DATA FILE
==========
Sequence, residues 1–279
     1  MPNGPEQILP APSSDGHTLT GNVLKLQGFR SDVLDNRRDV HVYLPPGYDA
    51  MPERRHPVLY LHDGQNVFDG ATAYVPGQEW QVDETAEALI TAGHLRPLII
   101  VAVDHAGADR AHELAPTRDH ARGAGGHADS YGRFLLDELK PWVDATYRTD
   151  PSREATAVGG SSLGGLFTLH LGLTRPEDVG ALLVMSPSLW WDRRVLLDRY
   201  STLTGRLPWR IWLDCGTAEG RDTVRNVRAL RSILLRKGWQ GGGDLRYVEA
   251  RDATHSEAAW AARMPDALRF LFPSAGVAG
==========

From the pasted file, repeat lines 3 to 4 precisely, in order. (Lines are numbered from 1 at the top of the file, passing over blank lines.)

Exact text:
    51  MPERRHPVLY LHDGQNVFDG ATAYVPGQEW QVDETAEALI TAGHLRPLII
   101  VAVDHAGADR AHELAPTRDH ARGAGGHADS YGRFLLDELK PWVDATYRTD